What is fact? What is fiction? With the rise of social media and independent news we find it increasingly difficult to tell the difference. After all, if a report is being presented by an official looking person on an official looking website, we can be forgiven for thinking it is true.
But often these reports are false. Many invented stories are being presented as fact these days. And it seems that people no longer need to support their claims with evidence. We just need to say "the government is corrupt" or "climate change is fake" or "the virus is not harmful" and it becomes a sort of truth. Not actual truth, of course. But a pseudo truth which is treated as actual truth by people who really want to believe it. My favorite student, Plato, warned against this type of truth relativism.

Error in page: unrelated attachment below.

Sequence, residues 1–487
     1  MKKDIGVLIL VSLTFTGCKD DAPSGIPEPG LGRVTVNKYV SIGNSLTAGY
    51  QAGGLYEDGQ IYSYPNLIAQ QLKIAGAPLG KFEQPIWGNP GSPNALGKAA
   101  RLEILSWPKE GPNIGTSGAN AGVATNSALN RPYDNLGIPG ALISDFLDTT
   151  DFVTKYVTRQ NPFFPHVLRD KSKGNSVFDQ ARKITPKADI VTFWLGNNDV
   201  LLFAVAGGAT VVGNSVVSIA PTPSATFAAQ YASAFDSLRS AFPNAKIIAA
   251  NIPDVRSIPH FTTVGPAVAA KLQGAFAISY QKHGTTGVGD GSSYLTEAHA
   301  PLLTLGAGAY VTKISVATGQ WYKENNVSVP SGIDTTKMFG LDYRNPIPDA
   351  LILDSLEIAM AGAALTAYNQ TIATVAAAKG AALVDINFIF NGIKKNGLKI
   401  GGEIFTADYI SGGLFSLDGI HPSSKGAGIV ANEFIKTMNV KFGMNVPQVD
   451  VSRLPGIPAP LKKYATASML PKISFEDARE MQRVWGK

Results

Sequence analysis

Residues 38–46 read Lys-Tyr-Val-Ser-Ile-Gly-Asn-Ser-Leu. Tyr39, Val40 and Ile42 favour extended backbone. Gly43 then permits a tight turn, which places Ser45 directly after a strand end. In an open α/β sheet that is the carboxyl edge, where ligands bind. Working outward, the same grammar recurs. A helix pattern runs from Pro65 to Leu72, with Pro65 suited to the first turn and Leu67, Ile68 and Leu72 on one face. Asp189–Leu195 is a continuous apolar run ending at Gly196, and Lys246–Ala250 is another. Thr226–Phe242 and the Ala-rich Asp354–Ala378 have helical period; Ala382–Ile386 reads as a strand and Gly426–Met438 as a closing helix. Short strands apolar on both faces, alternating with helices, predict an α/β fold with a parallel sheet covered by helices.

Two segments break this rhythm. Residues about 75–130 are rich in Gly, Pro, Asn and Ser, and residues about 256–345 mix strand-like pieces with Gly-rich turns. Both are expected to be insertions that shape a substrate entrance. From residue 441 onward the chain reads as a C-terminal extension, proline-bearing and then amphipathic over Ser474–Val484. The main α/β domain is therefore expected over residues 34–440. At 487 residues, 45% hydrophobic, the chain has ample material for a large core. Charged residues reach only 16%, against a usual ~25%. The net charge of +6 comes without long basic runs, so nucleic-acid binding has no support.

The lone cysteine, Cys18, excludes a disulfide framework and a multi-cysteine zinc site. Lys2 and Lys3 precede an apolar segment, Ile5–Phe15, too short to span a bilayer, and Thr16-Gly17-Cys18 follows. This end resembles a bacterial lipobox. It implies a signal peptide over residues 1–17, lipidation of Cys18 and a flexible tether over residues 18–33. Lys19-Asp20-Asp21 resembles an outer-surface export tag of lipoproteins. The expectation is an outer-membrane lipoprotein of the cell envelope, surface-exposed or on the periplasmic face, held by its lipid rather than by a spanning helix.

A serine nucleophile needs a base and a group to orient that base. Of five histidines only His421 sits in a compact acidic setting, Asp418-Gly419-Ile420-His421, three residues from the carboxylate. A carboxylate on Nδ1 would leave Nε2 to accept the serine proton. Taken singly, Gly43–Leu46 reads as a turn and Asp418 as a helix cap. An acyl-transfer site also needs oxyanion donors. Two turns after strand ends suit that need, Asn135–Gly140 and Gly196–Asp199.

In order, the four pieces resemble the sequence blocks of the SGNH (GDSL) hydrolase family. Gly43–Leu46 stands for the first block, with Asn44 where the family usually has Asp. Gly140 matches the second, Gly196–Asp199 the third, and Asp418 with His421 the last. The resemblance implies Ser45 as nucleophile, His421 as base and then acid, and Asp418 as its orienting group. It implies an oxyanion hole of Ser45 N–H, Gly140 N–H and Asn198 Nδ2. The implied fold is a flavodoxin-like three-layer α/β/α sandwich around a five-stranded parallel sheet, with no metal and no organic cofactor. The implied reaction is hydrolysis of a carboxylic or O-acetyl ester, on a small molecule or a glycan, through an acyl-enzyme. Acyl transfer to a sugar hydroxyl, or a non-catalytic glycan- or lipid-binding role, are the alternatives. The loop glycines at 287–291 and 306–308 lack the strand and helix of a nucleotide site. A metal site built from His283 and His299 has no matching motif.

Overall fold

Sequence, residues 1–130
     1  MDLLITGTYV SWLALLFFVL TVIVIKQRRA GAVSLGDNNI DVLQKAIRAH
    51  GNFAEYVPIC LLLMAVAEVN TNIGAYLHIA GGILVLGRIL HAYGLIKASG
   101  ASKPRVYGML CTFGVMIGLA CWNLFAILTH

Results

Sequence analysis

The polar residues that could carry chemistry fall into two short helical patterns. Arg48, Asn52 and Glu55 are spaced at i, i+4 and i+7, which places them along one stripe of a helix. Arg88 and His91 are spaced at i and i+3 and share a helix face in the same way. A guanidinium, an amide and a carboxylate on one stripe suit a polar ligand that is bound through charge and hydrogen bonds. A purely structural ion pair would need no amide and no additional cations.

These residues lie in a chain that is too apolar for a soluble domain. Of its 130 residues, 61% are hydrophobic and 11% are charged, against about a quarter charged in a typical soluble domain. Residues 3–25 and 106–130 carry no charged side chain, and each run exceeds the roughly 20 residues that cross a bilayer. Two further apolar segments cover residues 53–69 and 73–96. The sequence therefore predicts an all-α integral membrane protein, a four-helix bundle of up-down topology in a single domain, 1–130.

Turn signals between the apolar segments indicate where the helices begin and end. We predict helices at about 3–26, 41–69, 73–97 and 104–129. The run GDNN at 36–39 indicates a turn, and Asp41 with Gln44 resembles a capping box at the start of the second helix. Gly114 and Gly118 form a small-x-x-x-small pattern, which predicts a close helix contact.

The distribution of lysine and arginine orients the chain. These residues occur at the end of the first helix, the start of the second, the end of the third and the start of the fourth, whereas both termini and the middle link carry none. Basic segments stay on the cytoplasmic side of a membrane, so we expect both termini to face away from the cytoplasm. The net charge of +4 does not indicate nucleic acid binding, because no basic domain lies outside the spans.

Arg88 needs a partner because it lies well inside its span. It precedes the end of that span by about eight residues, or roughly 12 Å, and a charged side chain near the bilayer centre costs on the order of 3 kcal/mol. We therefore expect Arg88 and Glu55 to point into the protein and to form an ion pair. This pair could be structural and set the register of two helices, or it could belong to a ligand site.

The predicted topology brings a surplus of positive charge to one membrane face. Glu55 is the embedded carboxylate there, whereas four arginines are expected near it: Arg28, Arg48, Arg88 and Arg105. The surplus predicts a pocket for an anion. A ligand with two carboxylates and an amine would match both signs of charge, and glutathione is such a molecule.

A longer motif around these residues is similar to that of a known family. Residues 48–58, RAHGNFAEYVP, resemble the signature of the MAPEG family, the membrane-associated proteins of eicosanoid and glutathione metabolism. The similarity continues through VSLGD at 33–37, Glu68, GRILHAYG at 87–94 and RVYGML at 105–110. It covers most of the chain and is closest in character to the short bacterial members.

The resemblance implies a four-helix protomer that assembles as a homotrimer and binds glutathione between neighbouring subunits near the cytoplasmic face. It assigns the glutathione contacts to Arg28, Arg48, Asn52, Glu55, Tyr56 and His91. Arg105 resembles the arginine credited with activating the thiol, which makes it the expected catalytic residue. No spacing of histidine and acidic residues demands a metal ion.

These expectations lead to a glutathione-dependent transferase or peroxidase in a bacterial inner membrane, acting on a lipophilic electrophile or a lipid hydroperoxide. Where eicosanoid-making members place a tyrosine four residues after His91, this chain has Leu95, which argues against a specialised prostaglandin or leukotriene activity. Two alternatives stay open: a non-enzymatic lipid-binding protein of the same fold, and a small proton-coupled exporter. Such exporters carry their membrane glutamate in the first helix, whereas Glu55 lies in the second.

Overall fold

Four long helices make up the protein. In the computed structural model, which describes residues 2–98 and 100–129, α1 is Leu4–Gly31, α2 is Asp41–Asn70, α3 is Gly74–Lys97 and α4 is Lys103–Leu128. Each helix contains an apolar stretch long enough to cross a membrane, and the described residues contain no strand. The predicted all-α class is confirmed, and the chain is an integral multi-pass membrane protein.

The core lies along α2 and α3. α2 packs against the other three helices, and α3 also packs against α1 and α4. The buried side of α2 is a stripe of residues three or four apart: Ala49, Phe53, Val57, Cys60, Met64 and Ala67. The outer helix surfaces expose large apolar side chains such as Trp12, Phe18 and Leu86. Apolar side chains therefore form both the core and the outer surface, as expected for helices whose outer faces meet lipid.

So, what can we do? How can we guard ourselves from believing false information? A simple question may help. Does our favorite news source ever report the opposite of what we think? If not, we should be wary. Whenever we find ourselves following a news source that only ever presents information that we agree with, we should be highly suspicious. Why? Because a balanced source will present a range of viewpoints and information, some of which we agree with and some of which we do not. A source that tells us only what we already believe is not likely to be balanced.
This requires a level of critical self-reflection that we may find difficult. After all, it is reassuring to have our beliefs confirmed time and time again. But it is a rare person who has nothing but true beliefs. So we need our news sources to challenge us. To present ideas that we might disagree with. To sometimes tell us we’re wrong. Seek balance, and you may find yourself better able to tell the difference between fact and fiction.